Meanwhile, bolttech’s Priyanka Nadkarni summed it up briefly on the topic, “To be a pioneer, own it, link together and think outside in.”

As we move towards the post-pandemic period, virtual and digital are here to stay–but only better. Consumer experiences are set to become even more ingenious and innovative now that the period has enabled us to once again bring back physical engagement and interaction.

Among the insights the industry leaders shared, non-negotiable principles of marketing stood out, agreeing that no matter what the changes, marketing will always be and should remain experimental. We don’t get to the bottom of the ‘AHA’ moment if we stick to what has already been successful or what is deemed to be the best at present, as the future ahead will only become unpredictable and challenging for marketers but also groundbreaking with the emergence of unimaginable digital interactivity. 

Watch the highlights from the roundtable that roped in marketing leaders from brands AirAsia Philippines, Astro Malaysia, BigPay, bolttech, Hmlet, ShopBack, Zeemart, and Zenius.

Take a look at Braze’s latest marketing report, ‘2022 Global Customer Engagement Review’ which shares the top three trends that are shaping customer engagement in 2022 as well as opportunities companies can seize for growth by industry and region. The report is free to download here.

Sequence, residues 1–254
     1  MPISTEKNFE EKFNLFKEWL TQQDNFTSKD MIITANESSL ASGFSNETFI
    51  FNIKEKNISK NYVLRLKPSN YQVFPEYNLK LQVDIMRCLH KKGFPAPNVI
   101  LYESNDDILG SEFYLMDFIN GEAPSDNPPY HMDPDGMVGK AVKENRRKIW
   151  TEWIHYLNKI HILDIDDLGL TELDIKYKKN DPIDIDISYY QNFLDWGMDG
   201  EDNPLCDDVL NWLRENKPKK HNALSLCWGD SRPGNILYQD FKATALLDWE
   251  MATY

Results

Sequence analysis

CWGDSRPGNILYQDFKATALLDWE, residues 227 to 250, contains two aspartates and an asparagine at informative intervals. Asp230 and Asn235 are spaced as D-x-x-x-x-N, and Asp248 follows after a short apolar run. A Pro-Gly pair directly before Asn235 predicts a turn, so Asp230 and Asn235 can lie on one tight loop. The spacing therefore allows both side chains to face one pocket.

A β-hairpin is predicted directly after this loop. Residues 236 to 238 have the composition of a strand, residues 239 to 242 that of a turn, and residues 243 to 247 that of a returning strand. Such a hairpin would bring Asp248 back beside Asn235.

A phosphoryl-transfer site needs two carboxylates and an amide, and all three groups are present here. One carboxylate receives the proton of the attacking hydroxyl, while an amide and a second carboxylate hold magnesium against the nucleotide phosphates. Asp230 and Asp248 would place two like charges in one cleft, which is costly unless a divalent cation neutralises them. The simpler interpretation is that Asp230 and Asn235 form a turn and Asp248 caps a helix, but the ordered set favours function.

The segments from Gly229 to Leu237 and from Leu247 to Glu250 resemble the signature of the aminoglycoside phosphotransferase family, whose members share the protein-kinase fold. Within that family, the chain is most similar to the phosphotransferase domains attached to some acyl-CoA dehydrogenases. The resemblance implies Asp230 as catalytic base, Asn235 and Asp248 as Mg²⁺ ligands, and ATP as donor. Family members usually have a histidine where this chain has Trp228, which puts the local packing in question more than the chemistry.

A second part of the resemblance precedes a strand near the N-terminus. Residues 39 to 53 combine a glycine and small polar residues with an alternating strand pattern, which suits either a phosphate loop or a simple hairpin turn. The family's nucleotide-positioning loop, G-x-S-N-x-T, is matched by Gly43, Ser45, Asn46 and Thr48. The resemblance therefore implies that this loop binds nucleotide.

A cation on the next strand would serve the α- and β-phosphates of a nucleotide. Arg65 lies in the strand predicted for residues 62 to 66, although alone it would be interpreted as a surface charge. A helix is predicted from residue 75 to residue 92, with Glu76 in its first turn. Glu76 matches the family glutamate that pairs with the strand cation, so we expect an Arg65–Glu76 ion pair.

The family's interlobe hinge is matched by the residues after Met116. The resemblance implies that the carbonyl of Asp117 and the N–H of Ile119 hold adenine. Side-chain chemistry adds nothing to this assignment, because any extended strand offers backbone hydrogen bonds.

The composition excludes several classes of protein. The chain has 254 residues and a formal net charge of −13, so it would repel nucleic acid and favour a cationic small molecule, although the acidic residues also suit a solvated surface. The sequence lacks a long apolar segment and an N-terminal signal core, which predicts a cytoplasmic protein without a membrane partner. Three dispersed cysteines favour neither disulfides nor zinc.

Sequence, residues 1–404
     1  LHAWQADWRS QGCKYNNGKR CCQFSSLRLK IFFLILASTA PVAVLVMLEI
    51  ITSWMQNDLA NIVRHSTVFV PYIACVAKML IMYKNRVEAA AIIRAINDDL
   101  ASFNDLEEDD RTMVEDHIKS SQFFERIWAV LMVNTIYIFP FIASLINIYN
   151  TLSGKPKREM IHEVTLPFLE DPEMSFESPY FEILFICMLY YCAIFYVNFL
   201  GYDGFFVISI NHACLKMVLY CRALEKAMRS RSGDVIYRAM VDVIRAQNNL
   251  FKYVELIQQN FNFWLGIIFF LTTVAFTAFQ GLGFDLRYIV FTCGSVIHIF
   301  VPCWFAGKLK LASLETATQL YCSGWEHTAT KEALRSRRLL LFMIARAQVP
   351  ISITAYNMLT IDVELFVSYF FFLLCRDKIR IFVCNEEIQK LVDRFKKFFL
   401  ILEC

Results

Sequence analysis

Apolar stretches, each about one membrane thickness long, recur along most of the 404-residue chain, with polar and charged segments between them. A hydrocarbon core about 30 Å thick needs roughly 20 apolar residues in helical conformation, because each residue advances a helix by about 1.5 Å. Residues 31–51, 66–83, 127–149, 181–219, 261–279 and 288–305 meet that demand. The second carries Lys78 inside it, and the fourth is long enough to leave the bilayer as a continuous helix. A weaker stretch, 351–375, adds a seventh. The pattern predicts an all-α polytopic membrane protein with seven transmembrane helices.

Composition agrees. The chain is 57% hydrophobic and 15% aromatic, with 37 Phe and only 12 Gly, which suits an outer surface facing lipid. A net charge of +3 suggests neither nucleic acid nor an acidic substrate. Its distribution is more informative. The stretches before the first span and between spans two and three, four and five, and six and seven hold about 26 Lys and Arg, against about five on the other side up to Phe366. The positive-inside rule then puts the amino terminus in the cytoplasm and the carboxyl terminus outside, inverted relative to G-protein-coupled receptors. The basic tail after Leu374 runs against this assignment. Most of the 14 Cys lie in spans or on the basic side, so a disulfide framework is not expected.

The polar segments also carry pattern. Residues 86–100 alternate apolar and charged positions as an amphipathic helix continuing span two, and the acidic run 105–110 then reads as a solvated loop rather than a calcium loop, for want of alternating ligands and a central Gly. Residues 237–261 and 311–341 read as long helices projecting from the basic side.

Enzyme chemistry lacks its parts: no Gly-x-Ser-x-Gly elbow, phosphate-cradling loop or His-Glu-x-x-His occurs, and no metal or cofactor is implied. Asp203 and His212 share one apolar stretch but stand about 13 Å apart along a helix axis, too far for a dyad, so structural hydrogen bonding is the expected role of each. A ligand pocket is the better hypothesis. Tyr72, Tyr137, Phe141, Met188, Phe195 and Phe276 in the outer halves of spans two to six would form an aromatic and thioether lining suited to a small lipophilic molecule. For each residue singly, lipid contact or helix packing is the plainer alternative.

Categories
Main Feature Marketing APAC

APAC roundtable gathers region’s marketing leaders, discuss current state of consumer acquisition & retention amid pandemic

We know that the consumer is ever-changing but the fluidity of their behavior has taken an entirely different meaning this pandemic – with unprecedented changes that unfolded such as the constraint on physical interactions and the economic plunge of markets, this completely overhauled how brands and businesses engaged with their target consumers. 

Last September 21, MARKETECH APAC, in partnership with CleverTap, gathered marketing leaders from all over the APAC region representing different industries, for the roundtable “Business Growth Levers from Acquisition to Retention” to discuss how the pandemic has shaken brands’ current playbook on consumer acquisition and retention strategies. 

Growth and marketing heads from the edtech, grocery, TV, airline, fitness, fintech, fast food, and publication sectors each shared their unique challenges and how their teams adapted to emerging brand new cohorts, shifting priorities among consumers, with new desires and motivations at the front. 

Watch live the highlights of the roundtable and hear straight from APAC’s marketing heads the notable changes this pandemic on consumer acquisition and retention.

The rise of new consumer segments amid the pandemic

The areas of educational platform, publication, and fitness witnessed the arrival of new consumer personas borne out of the heightened digital lifestyle.